Over three billion people are highly vulnerable to the effects of global warming, according to a report published by the Intergovernmental Panel on Climate Change (IPCC). The report stressed that efforts to combat rising global temperatures will depend on funding by high-income countries.
It forecasted that between 3.3-3.6 billion people are highly vulnerable to the effects of climate change, and reiterated that wealthier countries should do more to fight rising global temperatures, according to the working group of the IPCC.
Last year saw a host of governments unveil targets for achieving net zero emissions. In the run-up to the COP26 conference in Glasgow, key players set targets for achieving net zero. But with the UN estimating that emissions in 2030 need to be as much as 55 percent lower than they were in 2017 to stave off climate disasters, critics say that wealthy nations need to act faster.
The COP26 conference garnered mixed assessments from activists and critics. Although the nations present were able to agree on targets, they couldn’t articulate a concrete plan for their implementation. In particular, the wealthiest nations were criticised for failing to step up to the mark and invest heavily in the green transition.
In 2009, a group of wealthy nations pledged to provide $100 billion per year to help those in poorer countries avoid the worst impacts of climate change, such as flooding and drought. That target has still not been met, and it was pushed back until 2023 by negotiators at COP26.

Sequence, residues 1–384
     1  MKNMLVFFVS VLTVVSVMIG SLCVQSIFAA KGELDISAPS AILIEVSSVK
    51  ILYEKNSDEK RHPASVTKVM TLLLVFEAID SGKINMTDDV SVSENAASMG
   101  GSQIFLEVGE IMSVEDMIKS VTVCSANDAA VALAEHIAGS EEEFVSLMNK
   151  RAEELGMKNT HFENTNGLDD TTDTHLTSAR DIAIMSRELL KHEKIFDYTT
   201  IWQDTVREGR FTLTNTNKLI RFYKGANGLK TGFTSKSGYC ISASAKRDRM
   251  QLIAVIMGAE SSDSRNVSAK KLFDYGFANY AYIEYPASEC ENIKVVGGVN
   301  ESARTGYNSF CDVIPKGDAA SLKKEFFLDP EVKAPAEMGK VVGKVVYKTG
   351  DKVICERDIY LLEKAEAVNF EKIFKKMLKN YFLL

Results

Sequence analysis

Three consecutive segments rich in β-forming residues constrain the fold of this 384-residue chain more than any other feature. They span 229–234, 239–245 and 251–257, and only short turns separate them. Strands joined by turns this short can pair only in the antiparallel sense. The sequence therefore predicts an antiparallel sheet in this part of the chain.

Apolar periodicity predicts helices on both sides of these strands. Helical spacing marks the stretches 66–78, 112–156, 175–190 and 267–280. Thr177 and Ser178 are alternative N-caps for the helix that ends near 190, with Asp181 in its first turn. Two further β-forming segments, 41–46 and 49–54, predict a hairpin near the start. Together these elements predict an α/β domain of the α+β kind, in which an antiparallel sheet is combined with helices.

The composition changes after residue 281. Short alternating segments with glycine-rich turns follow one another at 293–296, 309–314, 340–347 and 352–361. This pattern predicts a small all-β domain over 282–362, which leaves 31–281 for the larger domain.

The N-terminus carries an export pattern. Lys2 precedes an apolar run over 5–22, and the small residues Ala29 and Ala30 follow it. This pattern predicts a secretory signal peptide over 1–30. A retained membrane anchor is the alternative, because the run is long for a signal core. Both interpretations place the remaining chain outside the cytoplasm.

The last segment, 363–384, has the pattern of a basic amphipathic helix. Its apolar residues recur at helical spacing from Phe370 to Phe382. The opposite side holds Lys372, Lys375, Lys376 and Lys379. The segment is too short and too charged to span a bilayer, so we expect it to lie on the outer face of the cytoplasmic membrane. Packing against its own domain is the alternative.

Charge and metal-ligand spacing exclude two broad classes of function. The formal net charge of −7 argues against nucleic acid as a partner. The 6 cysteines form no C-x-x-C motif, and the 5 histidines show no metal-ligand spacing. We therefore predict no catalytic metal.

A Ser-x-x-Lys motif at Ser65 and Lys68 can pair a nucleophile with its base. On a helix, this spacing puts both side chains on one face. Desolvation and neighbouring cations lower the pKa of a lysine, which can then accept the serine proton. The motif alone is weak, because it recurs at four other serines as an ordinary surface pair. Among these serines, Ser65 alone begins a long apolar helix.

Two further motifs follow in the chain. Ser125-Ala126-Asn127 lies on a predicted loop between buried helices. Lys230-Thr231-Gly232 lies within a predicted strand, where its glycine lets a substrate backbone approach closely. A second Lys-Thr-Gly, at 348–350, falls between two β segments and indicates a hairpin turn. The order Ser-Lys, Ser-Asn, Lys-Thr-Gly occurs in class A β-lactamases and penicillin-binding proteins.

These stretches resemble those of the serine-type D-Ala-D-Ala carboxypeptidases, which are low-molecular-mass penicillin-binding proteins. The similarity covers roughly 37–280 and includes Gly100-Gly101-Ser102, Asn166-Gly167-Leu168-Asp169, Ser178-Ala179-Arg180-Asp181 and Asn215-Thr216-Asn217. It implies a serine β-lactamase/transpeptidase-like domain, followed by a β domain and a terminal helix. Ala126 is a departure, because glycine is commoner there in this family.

One of the biggest impacts of global warming is hunger, which is accelerated globally by extreme weather. The report released by the IPCC estimated that an additional 78 million will be hungry by 2030 as a result of climate change.
The report stressed that the worst affected nations can still overcome some of the impacts of climate change. By teaching communities how to tend hardier crops and setting up alternative methods of irrigation, even traditionally inhospitable land can be farmed.
Similarly, communities can mitigate some of the damage of floods by raising infrastructure and homes above the level of floods and planting trees to protect against soil erosion.
The UN’s Paris Agreement aims to limit global temperatures to 1.5˚C above pre-industrial levels, but experts warn that this goal can only be achieved if carbon emissions are reduced dramatically before 2030.